My book, Designing Usable Apps, is now available!
- How to conduct heuristic inspections for evaluating software usability
- Focus groups as a usability evaluation technique
- Analytics as a usability evaluation technique
- Quantifying cognitive load and task efficiency
- The impact of hardware devices on software ergonomics
- Software requirements in a nutshell
- Designing search systems
- Designing an interaction framework for your application’s tasks
- How to build a visual hierarchy to express relationships between page elements
- Interaction design and usability for data persistence and transactions
- Designing navigation and wayfinding in software applications and websites
- Designing your application’s interaction concept
- What characteristics contribute to a negative user experience?
- What characteristics contribute to a positive user experience?
- How to design software to encourage flow states, concentration, focus, and productivity
- Design techniques for reducing cognitive load
- “Don’t make me think!”: Eliminating excise and reducing cognitive load
- Communicating your mental model to the user: Design models and the system image
- Understanding the process of user interface design
- Donald Norman’s design principles for usability
- How do users perform tasks, do work, and learn how to use software applications?
- Understanding the technology framework for building your product’s user interface
- An introduction to data models and UML class diagrams for user interface designers
- Why understanding your application’s domain and data model is a prerequisite for good user interface design
- Requirements gathering techniques for understanding user characteristics
- How to write user personas
- User requirements: Understanding your users’ characteristics
- End users vs. buyers
- User segments and roles
- How to conduct user observation sessions
- How to recruit users for usability testing
- What user interface designers need to know about how human memory works
- How users’ skills and competence improve with practice
- Designing software for different user skill levels
- Security usability: Designing usable software security measures
- Designing error-handling for maximum usability in your application
- How to name things in your application
- Choosing an interaction style for your application
- Don’t make assumptions about your users’ existing skills!
- What is involved in designing user interfaces for an application?
- What is gamification?
- How do users learn and use software applications? An introduction to mental models
- How to use visual attributes to create contrast and attract interest
- Unity: A primary goal in visual design
- Software delivery mechanisms: Comparing desktop applications, web apps, and static websites
- What should you look for in a usability trainer?
- The Gestalt Laws of Perception and how to use them in UI design
- How do people look at and read pages? (Part 3 of 3)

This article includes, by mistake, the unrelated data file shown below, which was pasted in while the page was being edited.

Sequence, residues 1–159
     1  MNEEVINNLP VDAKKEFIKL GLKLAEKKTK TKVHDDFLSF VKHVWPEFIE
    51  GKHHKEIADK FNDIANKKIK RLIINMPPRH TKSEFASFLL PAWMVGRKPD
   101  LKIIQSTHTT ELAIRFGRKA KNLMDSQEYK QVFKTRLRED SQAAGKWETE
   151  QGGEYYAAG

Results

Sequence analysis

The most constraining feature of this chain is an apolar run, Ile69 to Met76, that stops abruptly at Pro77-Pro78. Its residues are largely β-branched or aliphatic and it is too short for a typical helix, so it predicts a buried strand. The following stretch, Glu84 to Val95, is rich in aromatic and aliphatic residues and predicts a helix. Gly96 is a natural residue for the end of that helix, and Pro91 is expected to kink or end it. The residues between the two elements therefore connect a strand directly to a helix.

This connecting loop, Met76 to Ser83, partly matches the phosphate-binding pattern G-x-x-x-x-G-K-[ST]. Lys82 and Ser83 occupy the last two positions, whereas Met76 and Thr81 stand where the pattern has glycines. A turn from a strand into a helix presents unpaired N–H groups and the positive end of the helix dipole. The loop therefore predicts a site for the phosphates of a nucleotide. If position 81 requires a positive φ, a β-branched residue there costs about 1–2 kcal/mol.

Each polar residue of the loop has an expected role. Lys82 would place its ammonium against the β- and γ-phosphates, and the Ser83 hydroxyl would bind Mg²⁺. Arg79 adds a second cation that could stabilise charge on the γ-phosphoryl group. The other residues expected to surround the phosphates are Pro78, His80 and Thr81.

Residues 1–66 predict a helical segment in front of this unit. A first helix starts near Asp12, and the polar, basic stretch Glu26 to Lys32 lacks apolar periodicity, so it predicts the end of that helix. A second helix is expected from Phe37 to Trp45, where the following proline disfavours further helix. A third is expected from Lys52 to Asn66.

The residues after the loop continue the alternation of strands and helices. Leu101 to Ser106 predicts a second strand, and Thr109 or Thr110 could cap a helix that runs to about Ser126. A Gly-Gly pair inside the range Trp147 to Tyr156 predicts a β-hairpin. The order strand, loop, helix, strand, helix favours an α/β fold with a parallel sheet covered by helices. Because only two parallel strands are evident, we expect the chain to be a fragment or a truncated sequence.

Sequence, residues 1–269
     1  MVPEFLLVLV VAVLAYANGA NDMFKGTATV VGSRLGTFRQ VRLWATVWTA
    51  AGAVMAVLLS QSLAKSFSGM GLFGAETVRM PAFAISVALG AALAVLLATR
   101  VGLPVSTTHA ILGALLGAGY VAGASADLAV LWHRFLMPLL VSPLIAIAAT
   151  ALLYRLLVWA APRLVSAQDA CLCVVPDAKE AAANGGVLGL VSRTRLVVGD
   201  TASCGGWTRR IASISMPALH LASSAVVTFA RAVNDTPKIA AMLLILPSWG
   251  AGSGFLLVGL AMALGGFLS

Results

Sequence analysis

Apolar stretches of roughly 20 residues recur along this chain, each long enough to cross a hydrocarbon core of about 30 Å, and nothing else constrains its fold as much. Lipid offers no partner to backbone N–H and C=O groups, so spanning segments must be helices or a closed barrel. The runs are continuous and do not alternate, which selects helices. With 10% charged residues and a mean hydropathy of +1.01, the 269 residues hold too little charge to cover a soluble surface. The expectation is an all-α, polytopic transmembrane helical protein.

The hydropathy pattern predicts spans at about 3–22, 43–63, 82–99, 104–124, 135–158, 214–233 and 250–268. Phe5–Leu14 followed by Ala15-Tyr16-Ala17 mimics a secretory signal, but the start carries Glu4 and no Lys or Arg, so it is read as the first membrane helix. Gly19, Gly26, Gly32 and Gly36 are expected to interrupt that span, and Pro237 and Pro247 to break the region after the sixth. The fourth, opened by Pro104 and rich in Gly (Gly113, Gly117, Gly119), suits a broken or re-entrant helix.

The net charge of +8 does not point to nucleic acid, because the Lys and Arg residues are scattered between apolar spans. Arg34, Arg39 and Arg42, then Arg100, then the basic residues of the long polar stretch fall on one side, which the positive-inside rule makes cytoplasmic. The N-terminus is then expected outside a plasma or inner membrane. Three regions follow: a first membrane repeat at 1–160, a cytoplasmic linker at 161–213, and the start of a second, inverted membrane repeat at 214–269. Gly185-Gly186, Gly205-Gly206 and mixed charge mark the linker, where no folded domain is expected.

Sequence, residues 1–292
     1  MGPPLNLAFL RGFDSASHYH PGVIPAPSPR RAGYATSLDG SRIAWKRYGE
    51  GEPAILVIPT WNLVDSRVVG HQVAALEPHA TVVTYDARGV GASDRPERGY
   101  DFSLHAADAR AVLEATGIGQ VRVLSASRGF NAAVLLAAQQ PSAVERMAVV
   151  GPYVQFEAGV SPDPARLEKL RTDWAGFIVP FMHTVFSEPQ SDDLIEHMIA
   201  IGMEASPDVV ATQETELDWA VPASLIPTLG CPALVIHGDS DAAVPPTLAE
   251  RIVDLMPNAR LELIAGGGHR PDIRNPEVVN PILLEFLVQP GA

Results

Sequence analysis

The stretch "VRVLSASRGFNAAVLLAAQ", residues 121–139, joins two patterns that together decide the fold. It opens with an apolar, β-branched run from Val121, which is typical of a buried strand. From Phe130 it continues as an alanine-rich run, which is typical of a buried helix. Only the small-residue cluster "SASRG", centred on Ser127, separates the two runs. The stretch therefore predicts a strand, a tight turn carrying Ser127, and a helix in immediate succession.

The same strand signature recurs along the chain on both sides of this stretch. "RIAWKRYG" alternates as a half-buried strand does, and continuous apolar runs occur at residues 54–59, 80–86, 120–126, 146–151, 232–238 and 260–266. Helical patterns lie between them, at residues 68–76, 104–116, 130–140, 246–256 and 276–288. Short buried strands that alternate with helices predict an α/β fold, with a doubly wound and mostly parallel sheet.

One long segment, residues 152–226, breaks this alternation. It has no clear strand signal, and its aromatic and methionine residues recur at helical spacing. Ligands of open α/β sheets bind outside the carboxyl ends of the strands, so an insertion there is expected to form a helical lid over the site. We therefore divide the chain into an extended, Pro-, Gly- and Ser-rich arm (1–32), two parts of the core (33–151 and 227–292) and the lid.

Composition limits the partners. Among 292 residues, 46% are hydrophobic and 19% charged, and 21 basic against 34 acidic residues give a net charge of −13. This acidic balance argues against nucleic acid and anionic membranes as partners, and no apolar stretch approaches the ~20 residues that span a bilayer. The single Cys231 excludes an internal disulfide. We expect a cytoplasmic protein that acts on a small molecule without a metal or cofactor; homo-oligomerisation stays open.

- How do people look at and read pages? (Part 2 of 3)
- How do people look at and read pages? (Part 1 of 3)
- The impact of visual design on usability
- Preview of upcoming topics for this blog
- What is Information Architecture and why is it important in software application design?
- Overcoming objections to involving users in your software project
- What is User Experience (UX)?
- What is User-Centered Design?
- What does “easy-to-use” mean?
- Welcome to Architecting Usability
- About (2)
- Information Architecture (18)
- Interaction Design (10)
- Office Politics (3)
- Product Management (20)
- Product Marketing (2)
- Project Management (5)
- Psychology for UX Design (23)
- Requirements Engineering (12)
- Training (2)
- Uncategorized (4)
- Usability (38)
- Usability Testing (6)
- User Experience Design (37)
- User-Centered Design (15)
- Visual Design (16)
Category Archives: Interaction Design
Heuristics are “rule-of-thumb” design principles, rules, and characteristics that are stated in broad terms and are often difficult to specify precisely. Assessing whether a product exhibits the qualities embodied in a heuristic is thus a subjective affair. If you inspect … Continue reading
Once your product has been released, understanding how it is actually being used very valuable. Analytics refers to the use of instrumentation to record data on users’ activities, followed by the analysis the collected data to detect trends and patterns. … Continue reading
If we wanted to attempt to quantify the cognitive load — i.e., the thinking and effort involved — for performing a particular task, we could write out a list of the actions or operations that a user would have to … Continue reading
A product that is ergonomic is designed in a way that helps reduces physical discomfort, stress, strain, fatigue, and potential injury during operation. While ergonomics is usually associated with physical products, the design of the a software application’s interface also … Continue reading
In document- and content-oriented applications and websites, the quality of the user experience often depends on the user being able to find what she is looking for, and so effective search functionality becomes critical when there is a large repository … Continue reading
Many applications are centered around a set of features, tasks, actions, operations, business processes, or use cases that share a similar pattern of interaction. For example: A paint program has a toolbar or palette with various drawing tools. Clicking on … Continue reading